00 00 00 00 
C4 0E 00 00 
C4 0E 00 00 
00 00 00 00 
00 00 00 00 

FF FF FF
FF FF FF
FF FF FF
FF FF FF
FF FF FF
FF FF FF
FF FF FF
FF FF FF
FF FF FF
FF FF FF
FF FF FF
FF FF FF
FF FF FF
FF FF FF
FF FF FF
FF FF FF
FF FF FF
00

FF FF FF
FF FF FF
FF FF FF
FF FF FF
FF FF FF
FF FF FF
45 45 45
45 45 45
45 45 45
45 45 45
45 45 45
FF FF FF
FF FF FF
FF FF FF
FF FF FF
FF FF FF
FF FF FF
00

FF FF FF
FF FF FF
FF FF FF
FF FF FF
45 45 45
45 45 45
00 B4 FF
00 B4 FF
00 B4 FF
00 B4 FF
00 9D FE
45 45 45
45 45 45
FF FF FF
FF FF FF
FF FF FF
FF FF FF
00

FF FF FF
FF FF FF
FF FF FF
45 45 45
00 CE FF
00 CE FF
00 C9 FF
00 C9 FF
00 C9 FF
00 C9 FF
00 C9 FF
00 CE FF
00 9D FE
45 45 45
FF FF FF
FF FF FF
FF FF FF
00

FF FF FF
FF FF FF
45 45 45
00 CE FF
00 CE FF
00 E5 FF
00 00 00
00 00 00
00 00 00
00 00 00
00 00 00
00 C9 FF
00 CE FF
00 9D FE
45 45 45
FF FF FF
FF FF FF
00

FF FF FF
FF FF FF
45 45 45
00 CE FF
00 EA FF
00 00 00
FF FF FF
FF FF FF
FF FF FF
FF FF FF
FF FF FF
00 00 00
00 C9 FF
00 CE FF
45 45 45
FF FF FF
FF FF FF
00

FF FF FF
45 45 45
00 CE FF
00 EA FF
00 00 00
00 00 00
00 00 00
00 00 00
00 00 00
00 00 00
00 00 00
00 00 00
00 00 00
00 C9 FF
00 9D FE
45 45 45
FF FF FF
00

FF FF FF
45 45 45
13 FD FF
00 EA FF
33 33 33
00 EA FF
00 EA FF
00 EA FF
00 EA FF
00 EA FF
00 EA FF
00 EA FF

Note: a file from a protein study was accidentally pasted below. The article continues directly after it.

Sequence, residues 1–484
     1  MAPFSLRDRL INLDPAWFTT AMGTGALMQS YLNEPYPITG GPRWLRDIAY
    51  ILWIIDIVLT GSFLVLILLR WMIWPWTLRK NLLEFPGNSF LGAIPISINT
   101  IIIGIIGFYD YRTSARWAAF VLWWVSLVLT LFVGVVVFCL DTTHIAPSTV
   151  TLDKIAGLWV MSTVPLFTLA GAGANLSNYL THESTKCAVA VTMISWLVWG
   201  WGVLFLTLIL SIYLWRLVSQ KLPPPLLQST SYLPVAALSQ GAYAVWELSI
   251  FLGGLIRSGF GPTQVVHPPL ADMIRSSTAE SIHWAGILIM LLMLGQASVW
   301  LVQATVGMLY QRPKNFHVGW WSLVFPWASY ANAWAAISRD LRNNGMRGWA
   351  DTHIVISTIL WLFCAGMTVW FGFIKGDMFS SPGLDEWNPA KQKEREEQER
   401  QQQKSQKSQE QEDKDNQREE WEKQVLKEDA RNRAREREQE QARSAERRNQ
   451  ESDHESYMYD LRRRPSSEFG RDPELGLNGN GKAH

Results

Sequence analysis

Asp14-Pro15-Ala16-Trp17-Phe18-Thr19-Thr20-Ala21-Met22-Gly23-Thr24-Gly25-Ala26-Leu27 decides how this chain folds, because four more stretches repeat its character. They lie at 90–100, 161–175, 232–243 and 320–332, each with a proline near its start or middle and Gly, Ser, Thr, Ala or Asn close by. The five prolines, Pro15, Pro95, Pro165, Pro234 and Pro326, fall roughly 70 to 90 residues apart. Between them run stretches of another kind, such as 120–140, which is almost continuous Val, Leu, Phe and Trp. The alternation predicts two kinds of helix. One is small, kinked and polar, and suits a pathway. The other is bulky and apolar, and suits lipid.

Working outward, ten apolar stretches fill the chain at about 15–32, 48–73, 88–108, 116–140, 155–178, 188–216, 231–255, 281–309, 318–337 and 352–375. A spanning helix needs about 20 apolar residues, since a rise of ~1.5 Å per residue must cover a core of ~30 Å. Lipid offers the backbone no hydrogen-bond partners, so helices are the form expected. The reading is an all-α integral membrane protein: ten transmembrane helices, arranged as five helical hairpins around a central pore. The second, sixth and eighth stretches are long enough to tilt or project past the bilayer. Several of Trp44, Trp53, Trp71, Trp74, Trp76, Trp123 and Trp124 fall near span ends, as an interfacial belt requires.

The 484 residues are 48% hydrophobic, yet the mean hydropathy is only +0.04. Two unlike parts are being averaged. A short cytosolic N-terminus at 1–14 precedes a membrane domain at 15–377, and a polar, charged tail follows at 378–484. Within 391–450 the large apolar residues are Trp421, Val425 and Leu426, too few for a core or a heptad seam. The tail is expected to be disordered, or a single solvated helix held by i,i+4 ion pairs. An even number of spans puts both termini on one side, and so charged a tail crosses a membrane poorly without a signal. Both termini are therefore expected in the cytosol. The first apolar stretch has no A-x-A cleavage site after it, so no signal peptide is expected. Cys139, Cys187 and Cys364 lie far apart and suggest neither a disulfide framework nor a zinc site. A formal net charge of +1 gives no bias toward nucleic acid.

33 33 33
00 C9 FF
00 B4 FF
45 45 45
FF FF FF
00

FF FF FF
45 45 45
93 FE FF
00 EA FF
00 EA FF
00 EA FF
00 EA FF
00 EA FF
00 EA FF
00 EA FF
00 EA FF
00 EA FF
00 EA FF
00 C9 FF
00 B4 FF
45 45 45
FF FF FF
00

FF FF FF
45 45 45
93 FE FF
13 FD FF
00 EA FF
00 EA FF
00 00 00
00 EA FF
00 EA FF
00 EA FF
00 00 00
00 EA FF
00 EA FF
00 C9 FF
00 B4 FF
45 45 45
FF FF FF
00

FF FF FF
45 45 45
C7 FF FF
13 FD FF
00 EA FF
00 EA FF
00 00 00
00 EA FF
00 EA FF
00 EA FF
00 00 00
00 EA FF
00 EA FF
00 C9 FF
00 9D FE
45 45 45
FF FF FF
00

FF FF FF
FF FF FF
45 45 45
93 FE FF
13 FD FF
00 EA FF
00 EA FF
00 EA FF
00 EA FF
00 EA FF
00 EA FF
00 EA FF
00 EA FF
00 CE FF
45 45 45
FF FF FF
FF FF FF
00

FF FF FF
FF FF FF
45 45 45
C7 FF FF
93 FE FF
00 00 00
00 00 00
00 EA FF
00 EA FF
00 EA FF
00 00 00
00 00 00
00 CE FF
00 9D FE
45 45 45
FF FF FF
FF FF FF
00

FF FF FF
FF FF FF
FF FF FF
45 45 45
EB FF FF
C7 FF FF
13 FD FF
13 FD FF
00 EA FF
00 EA FF
00 EA FF
00 CE FF
00 9D FE
45 45 45
FF FF FF
FF FF FF
FF FF FF
00

FF FF FF
FF FF FF
FF FF FF
FF FF FF
45 45 45
45 45 45
EB FF FF
C7 FF FF
93 FE FF
93 FE FF
00 CE FF
45 45 45
45 45 45
FF FF FF
FF FF FF
FF FF FF
FF FF FF
00

FF FF FF
FF FF FF
FF FF FF
FF FF FF
FF FF FF
FF FF FF
45 45 45
45 45 45
45 45 45
45 45 45
45 45 45
FF FF FF
FF FF FF
FF FF FF
FF FF FF
FF FF FF
FF FF FF
00

FF FF FF
FF FF FF
FF FF FF
FF FF FF
FF FF FF
FF FF FF
FF FF FF
FF FF FF
FF FF FF
FF FF FF
FF FF FF
FF FF FF
FF FF FF
FF FF FF
FF FF FF
FF FF FF
FF FF FF
00

Steffen